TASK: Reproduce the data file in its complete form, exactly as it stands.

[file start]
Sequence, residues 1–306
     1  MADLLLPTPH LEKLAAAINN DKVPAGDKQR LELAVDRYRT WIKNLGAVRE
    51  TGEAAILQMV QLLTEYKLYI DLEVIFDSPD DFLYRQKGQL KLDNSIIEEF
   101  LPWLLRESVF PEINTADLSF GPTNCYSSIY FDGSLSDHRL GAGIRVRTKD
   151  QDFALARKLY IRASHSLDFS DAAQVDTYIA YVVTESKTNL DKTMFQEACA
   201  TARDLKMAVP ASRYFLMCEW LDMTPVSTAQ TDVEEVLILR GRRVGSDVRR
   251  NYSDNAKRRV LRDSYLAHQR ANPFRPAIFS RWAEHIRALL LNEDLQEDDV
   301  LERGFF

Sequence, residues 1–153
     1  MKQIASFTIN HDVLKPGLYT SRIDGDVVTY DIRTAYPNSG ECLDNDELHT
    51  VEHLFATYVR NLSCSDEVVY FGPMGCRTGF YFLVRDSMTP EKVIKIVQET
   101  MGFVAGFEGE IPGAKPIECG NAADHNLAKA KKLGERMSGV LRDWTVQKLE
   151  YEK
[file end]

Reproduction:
Sequence, residues 1–306
     1  MADLLLPTPH LEKLAAAINN DKVPAGDKQR LELAVDRYRT WIKNLGAVRE
    51  TGEAAILQMV QLLTEYKLYI DLEVIFDSPD DFLYRQKGQL KLDNSIIEEF
   101  LPWLLRESVF PEINTADLSF GPTNCYSSIY FDGSLSDHRL GAGIRVRTKD
   151  QDFALARKLY IRASHSLDFS DAAQVDTYIA YVVTESKTNL DKTMFQEACA
   201  TARDLKMAVP ASRYFLMCEW LDMTPVSTAQ TDVEEVLILR GRRVGSDVRR
   251  NYSDNAKRRV LRDSYLAHQR ANPFRPAIFS RWAEHIRALL LNEDLQEDDV
   301  LERGFF

Sequence, residues 1–153
     1  MKQIASFTIN HDVLKPGLYT SRIDGDVVTY DIRTAYPNSG ECLDNDELHT
    51  VEHLFATYVR NLSCSDEVVY FGPMGCRTGF YFLVRDSMTP EKVIKIVQET
   101  MGFVAGFEGE IPGAKPIECG NAADHNLAKA KKLGERMSGV LRDWTVQKLE
   151  YEK